Building Nepal's Skate Culture

If you've been to Kathmandu, you know it can be hard to find open space until you get into the foothills. The city is overcrowded and with only 6% of it dedicated to open space, there are hardly any free recreational areas. This is why we were so excited to hear about Make Life Skate Life's initiative to bring a skatepark to the Kathmandu Valley.

We caught up with Arne, the founder of this exciting new project, to learn more about the organization and check out Kathmandu's first skatepark. 

Photo by Pramin Manadhar for EST WST

Photo by Pramin Manadhar for EST WST

First of all, we can't express how much we love what you're doing with Make Life Skate Life and how excited we are to be part of your initiative in Nepal. Your community-led approach is admirable and we certainly recognize the void you're filling by building a skatepark in Kathmandu. 

When did you first come to Nepal?
We first came to Nepal in November when we started building the skatepark in Kathmandu. The main reason for our trip was to secure land for a build in early 2017. After the first day in Kathmandu, the opportunity opened up to add ramps to an existing lot used by the local skateboarders and we decided to go for it. 10 days later, we celebrated the opening of Kathmandu Skatepark.

Amazing how that worked out. Why did you select Nepal as the location for the most recent park?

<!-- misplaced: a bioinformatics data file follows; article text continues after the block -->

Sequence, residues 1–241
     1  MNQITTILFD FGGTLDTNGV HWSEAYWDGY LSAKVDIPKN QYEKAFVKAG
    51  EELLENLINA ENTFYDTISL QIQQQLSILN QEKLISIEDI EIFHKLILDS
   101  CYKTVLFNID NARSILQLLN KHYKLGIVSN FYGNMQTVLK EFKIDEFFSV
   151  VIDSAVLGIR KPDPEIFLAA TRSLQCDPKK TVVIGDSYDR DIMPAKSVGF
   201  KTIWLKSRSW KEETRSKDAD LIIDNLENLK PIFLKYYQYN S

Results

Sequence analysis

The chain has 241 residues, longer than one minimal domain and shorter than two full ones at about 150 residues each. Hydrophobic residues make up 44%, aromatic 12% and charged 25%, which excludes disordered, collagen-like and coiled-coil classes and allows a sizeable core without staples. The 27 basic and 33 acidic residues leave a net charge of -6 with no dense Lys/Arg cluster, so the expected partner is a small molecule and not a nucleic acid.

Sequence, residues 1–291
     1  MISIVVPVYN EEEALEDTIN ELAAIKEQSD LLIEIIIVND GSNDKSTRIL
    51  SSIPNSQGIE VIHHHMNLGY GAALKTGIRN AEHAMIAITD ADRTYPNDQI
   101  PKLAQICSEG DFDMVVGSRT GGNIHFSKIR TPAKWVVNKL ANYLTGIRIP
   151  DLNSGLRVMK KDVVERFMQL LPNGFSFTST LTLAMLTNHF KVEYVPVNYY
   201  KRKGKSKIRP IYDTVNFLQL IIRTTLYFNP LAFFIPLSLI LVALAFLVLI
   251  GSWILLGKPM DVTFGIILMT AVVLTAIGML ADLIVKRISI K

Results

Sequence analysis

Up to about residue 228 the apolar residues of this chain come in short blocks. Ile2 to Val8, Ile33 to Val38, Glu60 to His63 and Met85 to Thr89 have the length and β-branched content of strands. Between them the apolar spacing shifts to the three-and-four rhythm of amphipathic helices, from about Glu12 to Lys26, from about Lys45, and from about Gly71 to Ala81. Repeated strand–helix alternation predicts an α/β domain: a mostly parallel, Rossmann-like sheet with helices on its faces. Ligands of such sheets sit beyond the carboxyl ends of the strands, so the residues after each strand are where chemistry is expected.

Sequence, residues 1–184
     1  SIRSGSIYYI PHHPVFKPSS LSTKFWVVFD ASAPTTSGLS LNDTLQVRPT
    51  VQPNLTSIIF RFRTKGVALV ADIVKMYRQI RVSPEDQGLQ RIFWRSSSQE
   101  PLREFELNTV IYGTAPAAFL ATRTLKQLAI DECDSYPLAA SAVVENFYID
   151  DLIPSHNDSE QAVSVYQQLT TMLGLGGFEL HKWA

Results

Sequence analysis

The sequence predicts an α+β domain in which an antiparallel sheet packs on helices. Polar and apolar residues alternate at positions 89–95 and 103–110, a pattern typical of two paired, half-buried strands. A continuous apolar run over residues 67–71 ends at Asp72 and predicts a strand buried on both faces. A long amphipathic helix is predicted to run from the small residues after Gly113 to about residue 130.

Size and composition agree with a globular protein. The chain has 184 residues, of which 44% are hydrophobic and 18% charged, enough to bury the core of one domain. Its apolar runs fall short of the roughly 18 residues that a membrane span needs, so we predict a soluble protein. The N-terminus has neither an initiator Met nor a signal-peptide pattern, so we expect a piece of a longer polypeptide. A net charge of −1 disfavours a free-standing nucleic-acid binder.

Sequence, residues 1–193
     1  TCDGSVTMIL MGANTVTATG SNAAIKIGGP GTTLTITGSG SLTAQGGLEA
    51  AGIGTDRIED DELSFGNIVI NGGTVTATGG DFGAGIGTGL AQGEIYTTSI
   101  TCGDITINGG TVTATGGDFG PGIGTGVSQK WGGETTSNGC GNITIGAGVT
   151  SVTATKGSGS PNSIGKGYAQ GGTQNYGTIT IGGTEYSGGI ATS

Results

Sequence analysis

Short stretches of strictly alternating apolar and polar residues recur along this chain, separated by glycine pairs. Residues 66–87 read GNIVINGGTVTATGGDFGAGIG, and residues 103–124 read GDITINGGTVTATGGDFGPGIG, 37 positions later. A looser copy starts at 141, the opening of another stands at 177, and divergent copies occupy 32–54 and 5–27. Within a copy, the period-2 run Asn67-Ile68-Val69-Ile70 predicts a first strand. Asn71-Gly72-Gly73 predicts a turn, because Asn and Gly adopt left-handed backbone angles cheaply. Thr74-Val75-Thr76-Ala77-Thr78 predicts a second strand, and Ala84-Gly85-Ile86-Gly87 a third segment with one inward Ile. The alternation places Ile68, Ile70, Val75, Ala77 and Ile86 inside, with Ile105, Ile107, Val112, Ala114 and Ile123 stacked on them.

We became aware of the growing demand for skateboarding and the lack of skateboarding infrastructure in Nepal when working on our first project in India in 2013. At that point, we decided to start the following project in a different part of the world, leaving the idea of doing something in Nepal aside. During our project in Ethiopia this year, many of the volunteers who participated in the build have spent time skating in Nepal and advocated the start of a project here. After a bit of research, we realized how big the scene in Nepal is.  

It's definitely a growing scene. Tell me about the inspiration behind Make Life Skate Life, how and when did the organization start?
Make Life Skate Life emerged as an organization in 2013 after our first skatepark project in India. The project came about after my friends and I met the Bangalore-based skateboarding collective Holystoked while traveling in India in 2012. They told us about their aspirations to build their own skatepark, for which they had already acquired land. My friends and I had experience building a community skatepark back in Germany so we naturally discussed the possibility of organizing a skatepark building workshop to teach the locals about concrete construction. A year later the Holystoked skatepark was built with the help of volunteers from all over the world. Since its completion, Holystoked has been spreading skateboarding through India by building skateparks all over the country. 

After the success of the project with Holystoked, it became clear there were opportunities to work together with other skateboarding communities around the world to realize similar projects so we created Make Life Skate Life. We have since completed skatepark projects in Bolivia, Jordan, Myanmar, Ethiopia and now Nepal. 

How long did it take to build the park in Kathmandu? Did you have many locals helping out?